Check out the following example email:

Dear Lewis,

I would like to be part of the team, so I’m happy to jump into this project with you. Thank you for the opportunity.

Best wishes,
Sarah Catford

5. I Would Appreciate the Chance to

You could include “I would appreciate the chance to” in a business email to let someone know that you’re happy to join a team. It’s a very respectful phrase that works when emailing a new boss and introducing yourself.

Generally, “appreciate” will always work better than “love” in formal contexts. Recipients prefer the word when trying to appear more presentable and professional.

This sample email will help you understand it more:

Dear Ms. Benjamin,

I would appreciate the chance to be a part of your company. Do you have any openings for me?

Kind regards,
Jon Adams

6. Of Course, I Will

A good way to show enthusiasm and helpfulness is with “of course, I will.” You don’t have to say something like “love to” after “I will” here. The phrase itself is already friendly and professional enough to get the job done.

We recommend using this when emailing colleagues. It shows you’re happy to help them with a task or assignment.

“Of course” is the key here. You don’t have to include it, but it’s there to show eagerness. So, if you want to build a good relationship with your colleagues, keep “of course” present.

You may want to refer to this email sample as well:

Dear Melanie,

Of course, I will help you with those projects. I’ll do what I can to get them completed quickly.

Kind regards,
Scott White

7. Nothing Would Make Me Happier Than To

Why not go a little bit crazy and use a phrase like “nothing would make me happier than to”? It’s a great way to show genuine enthusiasm. Okay, so it might not be the most professional synonym, but it’s still a great option to spice up your emails.

You should use it when emailing colleagues. It only works when you have a good working relationship with them and want to help them do something.

Sure, it isn’t all that effective when emailing your boss or a professional client. But that doesn’t mean you can’t have a bit of fun when talking to people you’re more friendly with.

Check out this sample email to see how it works:

Dear Roberto,

Sure, nothing would make me happier than to assist you. When should I come to the office to discuss this more?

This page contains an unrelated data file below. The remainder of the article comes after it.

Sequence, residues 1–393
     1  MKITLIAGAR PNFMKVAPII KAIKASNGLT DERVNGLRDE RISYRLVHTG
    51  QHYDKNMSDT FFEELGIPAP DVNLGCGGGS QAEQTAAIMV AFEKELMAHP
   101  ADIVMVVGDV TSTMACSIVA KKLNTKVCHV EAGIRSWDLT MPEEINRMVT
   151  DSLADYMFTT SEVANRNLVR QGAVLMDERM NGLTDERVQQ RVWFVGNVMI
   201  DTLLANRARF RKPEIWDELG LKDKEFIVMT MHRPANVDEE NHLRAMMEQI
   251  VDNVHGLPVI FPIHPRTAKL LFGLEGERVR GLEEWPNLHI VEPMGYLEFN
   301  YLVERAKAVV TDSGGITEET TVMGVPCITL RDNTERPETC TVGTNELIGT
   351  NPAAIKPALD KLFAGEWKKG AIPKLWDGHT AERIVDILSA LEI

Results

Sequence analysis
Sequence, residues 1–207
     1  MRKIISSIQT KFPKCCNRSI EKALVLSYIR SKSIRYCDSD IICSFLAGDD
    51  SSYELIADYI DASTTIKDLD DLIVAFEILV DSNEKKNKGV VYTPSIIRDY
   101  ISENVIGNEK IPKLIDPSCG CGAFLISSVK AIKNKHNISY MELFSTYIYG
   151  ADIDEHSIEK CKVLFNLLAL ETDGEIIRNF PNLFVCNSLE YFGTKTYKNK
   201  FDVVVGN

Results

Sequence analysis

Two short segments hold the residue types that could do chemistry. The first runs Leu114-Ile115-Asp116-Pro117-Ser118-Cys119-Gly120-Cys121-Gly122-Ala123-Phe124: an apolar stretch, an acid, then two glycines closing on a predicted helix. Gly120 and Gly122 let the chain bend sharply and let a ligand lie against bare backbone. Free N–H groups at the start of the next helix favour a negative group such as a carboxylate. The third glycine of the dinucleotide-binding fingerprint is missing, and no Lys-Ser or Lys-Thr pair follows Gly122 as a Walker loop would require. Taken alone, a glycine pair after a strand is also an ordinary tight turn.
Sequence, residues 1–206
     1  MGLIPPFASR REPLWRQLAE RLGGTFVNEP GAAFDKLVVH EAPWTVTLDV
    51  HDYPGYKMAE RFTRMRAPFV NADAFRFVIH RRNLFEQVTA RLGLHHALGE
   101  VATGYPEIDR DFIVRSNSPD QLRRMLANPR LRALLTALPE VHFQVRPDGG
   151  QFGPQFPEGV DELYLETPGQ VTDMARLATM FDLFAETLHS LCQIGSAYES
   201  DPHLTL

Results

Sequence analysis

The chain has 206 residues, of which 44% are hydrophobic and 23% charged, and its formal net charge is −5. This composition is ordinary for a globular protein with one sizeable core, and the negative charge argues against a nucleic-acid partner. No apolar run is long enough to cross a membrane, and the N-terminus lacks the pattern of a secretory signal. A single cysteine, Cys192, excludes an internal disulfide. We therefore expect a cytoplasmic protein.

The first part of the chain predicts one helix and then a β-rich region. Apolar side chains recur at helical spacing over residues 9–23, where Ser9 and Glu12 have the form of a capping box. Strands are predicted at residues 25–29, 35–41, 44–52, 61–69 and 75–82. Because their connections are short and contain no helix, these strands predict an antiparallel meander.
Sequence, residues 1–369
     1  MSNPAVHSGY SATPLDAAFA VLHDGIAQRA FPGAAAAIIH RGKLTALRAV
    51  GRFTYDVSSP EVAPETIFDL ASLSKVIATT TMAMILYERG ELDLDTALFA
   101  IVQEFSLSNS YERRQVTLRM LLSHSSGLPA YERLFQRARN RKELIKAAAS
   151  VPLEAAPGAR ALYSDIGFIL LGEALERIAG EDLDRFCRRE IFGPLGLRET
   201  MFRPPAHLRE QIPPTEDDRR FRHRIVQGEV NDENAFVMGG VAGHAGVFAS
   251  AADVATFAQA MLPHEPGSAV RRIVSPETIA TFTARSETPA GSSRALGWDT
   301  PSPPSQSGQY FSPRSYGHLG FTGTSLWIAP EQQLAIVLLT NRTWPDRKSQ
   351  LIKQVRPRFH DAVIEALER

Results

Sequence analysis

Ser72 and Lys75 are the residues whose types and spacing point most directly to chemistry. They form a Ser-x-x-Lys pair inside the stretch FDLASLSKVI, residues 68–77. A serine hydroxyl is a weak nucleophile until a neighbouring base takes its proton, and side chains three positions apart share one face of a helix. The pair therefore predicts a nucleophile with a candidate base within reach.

Best wishes,
Greg Johnson

8. It Would Be My Honor To

Going back to a slightly more formal alternative, “it would be my honor to” works really well. We highly recommend it to show that you’re happy to meet someone.

Of course, using “honor” is a compliment designed to flatter the recipient. So, you should use it when emailing new clients who you’re keen to get working with your company.

The more polite and complimentary you can be, the more likely a client will stick around. That’s when a phrase like “it would be my honor to” comes in handy.

Of course, you shouldn’t go overboard with it. Use it once in an email, and that’s it. Any more than that, and you might lose the client you’ve tried so hard to keep.

This useful email example will also help if you’re unsure:

Dear Bethany,

It would be my honor to get to know you over a business lunch. I can do Monday if that works for you.

Kind regards,
Tim Doorbell

9. I Would Be More Than Happy To

The final synonym we want to share is “I would be more than happy to.” It’s a great one in formal emails because it shows you’re enthusiastic and keen.

Generally, this works well when emailing colleagues. “More than happy” is a more friendly alternative to “I would love to” that shows you’re happy to do whatever you can to make a colleague’s life easier.

You can also refer to this email example:

Dear Stefan,

I would be more than happy to give you a hand with this speech. I’ll get to work as soon as possible.

Debra Morgan